I don’t have a dishwasher. I haven’t had a dishwasher since my husband and I got married almost 2 years ago and moved into our adorable little bungalow. We love our home, all the light that streams in the many windows, the old hardwood floor, the special built-ins from 80 years ago. I think this is why I put up with handwashing all our dishes day after day.
I really enjoy cooking, baking, and tinkering in the kitchen, so it is quite challenging not to have a convenient machine to pick up after me. I have, however, learned the power of choice.
Choice is an incredible thing. I imagine getting a dishwasher and the decision I would make about whether to use it after dinner or wait until the end of the week until it’s full or just handwash because it’s quick and I want everything clean now. Knowing that I could use the dishwasher but choosing to handwash is very different from having to handwash and not having a choice in the matter.
What’s funny is that as I run this scenario through my mind, I find that I would probably more often than not choose to wash the dishes by hand instead of using my new shiny machine. This has changed how I see the dishes and my rubber gloves.
I think the same principle can apply to how we perceive exercise, dessert, and our lifestyle. If I can choose whether to eat dessert, I am at ease and can determine whether there is anything on the menu that I really like, whether I actually feel like something sweet to finish my meal, and whether I am already full. If dessert isn’t a choice and I’m not supposed to have it, I torture myself with anger, resentment (or guilt if I decide to order a pastry anyway). If I feel obligated to eat what the hostess has made from scratch, I come away with the same feelings.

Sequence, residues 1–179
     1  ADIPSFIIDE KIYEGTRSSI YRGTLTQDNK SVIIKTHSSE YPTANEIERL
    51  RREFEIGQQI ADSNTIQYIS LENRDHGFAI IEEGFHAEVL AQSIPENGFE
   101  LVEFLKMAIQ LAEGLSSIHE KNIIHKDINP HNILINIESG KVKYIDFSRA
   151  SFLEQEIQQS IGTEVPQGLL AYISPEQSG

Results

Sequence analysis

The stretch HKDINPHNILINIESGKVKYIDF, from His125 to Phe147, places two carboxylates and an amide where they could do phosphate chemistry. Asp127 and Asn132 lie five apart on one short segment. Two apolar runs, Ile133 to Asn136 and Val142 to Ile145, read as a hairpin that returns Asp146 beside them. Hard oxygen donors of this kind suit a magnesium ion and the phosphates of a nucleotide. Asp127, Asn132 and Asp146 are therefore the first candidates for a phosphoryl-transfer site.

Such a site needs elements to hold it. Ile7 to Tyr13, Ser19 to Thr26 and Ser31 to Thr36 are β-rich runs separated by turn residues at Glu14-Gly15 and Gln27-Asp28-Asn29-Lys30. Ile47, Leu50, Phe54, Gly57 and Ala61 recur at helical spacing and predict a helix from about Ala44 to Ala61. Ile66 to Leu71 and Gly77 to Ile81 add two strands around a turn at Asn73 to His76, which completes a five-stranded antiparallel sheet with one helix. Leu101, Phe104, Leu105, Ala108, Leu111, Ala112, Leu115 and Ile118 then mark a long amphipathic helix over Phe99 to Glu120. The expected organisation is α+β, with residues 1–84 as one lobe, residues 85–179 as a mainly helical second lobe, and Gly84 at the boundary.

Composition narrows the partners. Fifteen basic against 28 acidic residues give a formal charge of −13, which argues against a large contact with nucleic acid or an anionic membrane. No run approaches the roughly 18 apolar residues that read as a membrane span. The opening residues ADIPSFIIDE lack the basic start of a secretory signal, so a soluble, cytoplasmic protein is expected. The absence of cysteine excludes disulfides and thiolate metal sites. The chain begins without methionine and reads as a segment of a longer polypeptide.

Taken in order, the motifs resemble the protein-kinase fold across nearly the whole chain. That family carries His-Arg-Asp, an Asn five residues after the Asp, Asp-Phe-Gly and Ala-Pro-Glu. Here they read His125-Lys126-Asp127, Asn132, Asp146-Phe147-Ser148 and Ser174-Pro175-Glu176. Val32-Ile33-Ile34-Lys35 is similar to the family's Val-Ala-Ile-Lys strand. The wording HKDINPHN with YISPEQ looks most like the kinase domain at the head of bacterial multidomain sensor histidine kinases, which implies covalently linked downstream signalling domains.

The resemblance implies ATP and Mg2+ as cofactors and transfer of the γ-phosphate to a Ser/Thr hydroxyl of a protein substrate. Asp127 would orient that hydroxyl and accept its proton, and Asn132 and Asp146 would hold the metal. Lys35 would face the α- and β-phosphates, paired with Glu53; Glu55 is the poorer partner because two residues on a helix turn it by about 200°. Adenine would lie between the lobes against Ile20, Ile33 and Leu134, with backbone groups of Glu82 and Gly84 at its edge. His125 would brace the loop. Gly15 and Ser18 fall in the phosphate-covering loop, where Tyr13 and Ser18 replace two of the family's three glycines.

The gym can be a place of punishment, penance, and self-loathing if exercise is not an option but rather a “must”, “should” or “ought to”. I know that when I treat movement as a privilege and see it as an enjoyable activity recognizing how it makes me feel physically and mentally, I often choose to exercise. If, on the other hand, I treat exercise as a requirement of the day, I cause myself to obsess whether I’m doing enough, burning enough Calories, or changing my body. This is a nasty place to be. Then movement becomes a source of stress rather than a natural stress reliever and I am more likely to dislike and even dread exercise.
Dessert and exercise are just two examples. For you it may be changing to whole grains, eating your greens, cooking more, eating out less, or jumping on the kale bandwagon.
Your mindset makes all the difference. Give yourself the choice in the matter and see how often you make the choice for your health, happiness, and wellbeing.
How does having a choice change the way you view food, exercise, or other things in life? Do you allow yourself the choice? Are you afraid that you won’t choose the “right” thing?